The City Wants More From Its Water

One of the city’s plans for dealing with future water shortage is raising concerns among environmental advocates and downstream users.

At the Paseo Real Wastewater Treatment Facility, water is cycled through a series of aerating and settling ponds in the process to eliminate contaminants. (Leah Cantor)

Every day, 5 million gallons of water from Santa Fe’s toilets, sinks and gutters flow into the Paseo Real Wastewater Treatment Facility. There the water gets churned and filtered, settled, sifted, aerated and zapped by ultraviolet lights until it finally leaves the plant again through a pipe on the southwest side, clean enough to pipe back up to the city’s golf courses and green spaces and to flow down the Santa Fe River.

Some of that water seeps through the riverbed into the underlying aquifer and some of it is used to irrigate farms and ranches in the downstream communities of La Cienega, La Bajada and Cochiti Pueblo. But the city has other, grander plans for wastewater that are raising concerns among some downstream users and environmental advocates.

Last week in La Cienega, city and county employees, members of local environmental groups, and downstream ranchers and farmers who make up the Santa Fe River Community Collaborative met in the La Cienega Community Building to discuss a range of issues that impact the river downstream from the treatment plant, including a proposed return flow credit pipeline that is part of the city's strategy to address future water shortages.

It's a proposal that has quietly been in the works for years, but has recently started to generate both more scrutiny and support.

In response to a 2015 study indicating the likelihood that Santa Fe could face indefinitely prolonged drought conditions and water scarcity issues as early as 2050, the city got to work figuring out how to get even more bang for its water buck by more efficiently putting effluent water to use.

An environmental engineering firm hired by the city to analyze alternative strategies for reusing wastewater identified using the effluent for return flow credits as the most efficient and cost-effective option among several possible alternatives that include purifying effluent back to potable standards for municipal use.

Under the return flow credit proposal, effluent would be diverted into a pipeline and discharged back into the Rio Grande just downstream from the Buckman Direct Diversion Water Treatment Plant that takes water from the Rio Grande and pipes it up toward city and county taps.

So far, the city estimates that building the pipeline would cost about $20 million. It has set aside $1.2 million in the capital improvement budget for preliminary engineering design and permitting, and is seeking grants to cover further costs of construction.

If the project meets muster from state and federal officials, the city proposes to divert an extra acre-foot of fresh water from the Rio Grande for municipal use in exchange for every acre-foot of effluent that it released back into the river through the pipeline. This is what makes it an attractive option for the city, especially during the winter months, explains Water Diversion Director Jesse Roach.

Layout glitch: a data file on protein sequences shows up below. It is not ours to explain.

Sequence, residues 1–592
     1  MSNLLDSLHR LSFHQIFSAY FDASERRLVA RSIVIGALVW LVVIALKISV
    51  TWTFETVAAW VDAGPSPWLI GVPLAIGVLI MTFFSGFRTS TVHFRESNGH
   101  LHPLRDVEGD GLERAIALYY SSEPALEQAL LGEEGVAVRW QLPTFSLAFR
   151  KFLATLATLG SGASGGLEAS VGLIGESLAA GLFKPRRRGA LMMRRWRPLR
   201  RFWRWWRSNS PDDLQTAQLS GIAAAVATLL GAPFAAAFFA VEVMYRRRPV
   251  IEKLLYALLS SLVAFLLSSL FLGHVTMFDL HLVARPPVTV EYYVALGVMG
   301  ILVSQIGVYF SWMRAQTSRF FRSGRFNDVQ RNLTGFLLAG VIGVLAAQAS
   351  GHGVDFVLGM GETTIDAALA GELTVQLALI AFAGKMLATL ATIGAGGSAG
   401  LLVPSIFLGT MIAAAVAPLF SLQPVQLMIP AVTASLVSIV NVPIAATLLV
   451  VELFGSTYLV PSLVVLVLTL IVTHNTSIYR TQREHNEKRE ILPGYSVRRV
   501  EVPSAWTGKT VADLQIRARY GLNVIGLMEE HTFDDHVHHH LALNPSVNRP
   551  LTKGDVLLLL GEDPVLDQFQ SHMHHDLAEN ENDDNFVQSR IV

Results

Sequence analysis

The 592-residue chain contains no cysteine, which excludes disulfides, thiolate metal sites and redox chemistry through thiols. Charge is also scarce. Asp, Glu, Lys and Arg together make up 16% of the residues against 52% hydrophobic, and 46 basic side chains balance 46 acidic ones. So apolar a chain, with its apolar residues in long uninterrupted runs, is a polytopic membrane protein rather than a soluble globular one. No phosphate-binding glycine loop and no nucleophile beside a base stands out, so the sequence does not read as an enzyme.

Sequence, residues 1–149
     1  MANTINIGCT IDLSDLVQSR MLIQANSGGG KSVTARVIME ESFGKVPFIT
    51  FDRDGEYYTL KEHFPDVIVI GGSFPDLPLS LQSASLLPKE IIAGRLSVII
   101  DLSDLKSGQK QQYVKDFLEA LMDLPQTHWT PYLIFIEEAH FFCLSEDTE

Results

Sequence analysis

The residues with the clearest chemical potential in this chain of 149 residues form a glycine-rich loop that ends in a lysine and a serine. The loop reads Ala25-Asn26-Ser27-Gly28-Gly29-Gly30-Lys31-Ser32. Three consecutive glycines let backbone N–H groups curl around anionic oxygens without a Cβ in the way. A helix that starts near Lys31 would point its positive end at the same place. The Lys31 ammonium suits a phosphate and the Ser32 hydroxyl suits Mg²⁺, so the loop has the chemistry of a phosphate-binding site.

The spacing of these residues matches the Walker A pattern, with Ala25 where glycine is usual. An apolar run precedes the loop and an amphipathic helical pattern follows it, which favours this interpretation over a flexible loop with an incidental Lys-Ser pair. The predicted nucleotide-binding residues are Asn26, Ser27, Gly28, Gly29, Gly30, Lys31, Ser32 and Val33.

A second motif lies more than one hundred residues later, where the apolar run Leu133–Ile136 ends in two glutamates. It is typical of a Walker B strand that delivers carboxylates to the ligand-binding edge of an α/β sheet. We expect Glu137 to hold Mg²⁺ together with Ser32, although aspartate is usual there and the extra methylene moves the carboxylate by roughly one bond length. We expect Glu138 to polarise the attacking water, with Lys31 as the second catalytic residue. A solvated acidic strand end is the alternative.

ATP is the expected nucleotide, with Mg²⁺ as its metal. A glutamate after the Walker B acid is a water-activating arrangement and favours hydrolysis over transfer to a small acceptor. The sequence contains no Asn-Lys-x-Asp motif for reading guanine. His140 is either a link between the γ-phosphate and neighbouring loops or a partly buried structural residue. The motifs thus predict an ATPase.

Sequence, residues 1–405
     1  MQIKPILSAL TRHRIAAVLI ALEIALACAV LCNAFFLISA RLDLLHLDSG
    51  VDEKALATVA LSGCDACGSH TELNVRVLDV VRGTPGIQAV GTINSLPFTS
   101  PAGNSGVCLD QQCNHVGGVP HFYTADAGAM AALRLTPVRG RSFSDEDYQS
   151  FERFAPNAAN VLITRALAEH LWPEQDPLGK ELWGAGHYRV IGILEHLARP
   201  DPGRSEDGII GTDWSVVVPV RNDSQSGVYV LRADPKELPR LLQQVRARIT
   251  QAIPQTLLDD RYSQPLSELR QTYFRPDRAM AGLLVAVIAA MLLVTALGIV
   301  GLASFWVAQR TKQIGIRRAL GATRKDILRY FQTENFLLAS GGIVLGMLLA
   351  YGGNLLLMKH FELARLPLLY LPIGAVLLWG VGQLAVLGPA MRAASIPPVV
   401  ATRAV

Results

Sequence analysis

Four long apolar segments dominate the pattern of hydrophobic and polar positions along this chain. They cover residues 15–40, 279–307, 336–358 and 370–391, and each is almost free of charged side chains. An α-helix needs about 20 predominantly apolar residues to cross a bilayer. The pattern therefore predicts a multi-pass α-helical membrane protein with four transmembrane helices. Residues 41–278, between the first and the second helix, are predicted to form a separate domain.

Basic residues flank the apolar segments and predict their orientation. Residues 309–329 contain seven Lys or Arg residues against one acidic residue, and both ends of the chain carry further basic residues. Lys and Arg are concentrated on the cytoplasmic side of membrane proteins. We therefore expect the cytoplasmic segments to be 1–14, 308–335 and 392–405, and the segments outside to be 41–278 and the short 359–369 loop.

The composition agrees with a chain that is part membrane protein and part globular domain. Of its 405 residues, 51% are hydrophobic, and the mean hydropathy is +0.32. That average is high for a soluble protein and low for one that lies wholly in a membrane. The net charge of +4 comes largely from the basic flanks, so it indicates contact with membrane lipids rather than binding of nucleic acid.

"The return flow pipeline is intended only for returning water that was imported from outside of the Santa Fe Watershed to the Rio Grande," he tells SFR in an email, adding, by phone, "It's really the best option for getting the most out of our water and would make it easier to develop other reuse strategies down the road. All those other alternatives are still on the table, but at the moment the pipeline is the lowest hanging fruit and the most effective economic, environmental, and social option we have."

Not everyone agrees that this is the best way for the city to reuse its water.

At the community meeting last week, Neil Williams, who identified himself as an engineer and member of the local Sierra Club, opened the meeting by highlighting what he sees as red flags in the city's return flow credit pipeline proposal.

"I don't think that a lot of the flaws of this project have been actively discussed," said Williams, listing water treatment standards—which are lower for the Rio Grande than they are for the Santa Fe River—costs of the project, and lack of outreach to downstream users as reasons for concern.

But mostly, Williams was concerned that the city's report did not adequately address dependence on groundwater and the depletion of the local aquifer, or the possibility of using the city's effluent water to develop aquifer storage and recharge strategies.

Bill Schneider, the water resources coordinator for the city, countered that the city needs to consider how it will provide residents with water in the unlikely case that the water supply in the reservoir becomes unusable, such as if a fire were to occur in the Santa Fe watershed, contaminating one of the city's primary source of fresh water.

In the case of short-term water emergencies and long-term shortages, the city might have no other options than to take more water from the Rio Grande, Schneider said at the meeting, adding that purchasing more Rio Grande water rights would be a much more costly and unreliable option than putting the return flow pipeline into action ahead of the game.

The proposed pipeline is not yet under construction and is still in the proposal stage, and the city promises more public input sessions are to come this fall.

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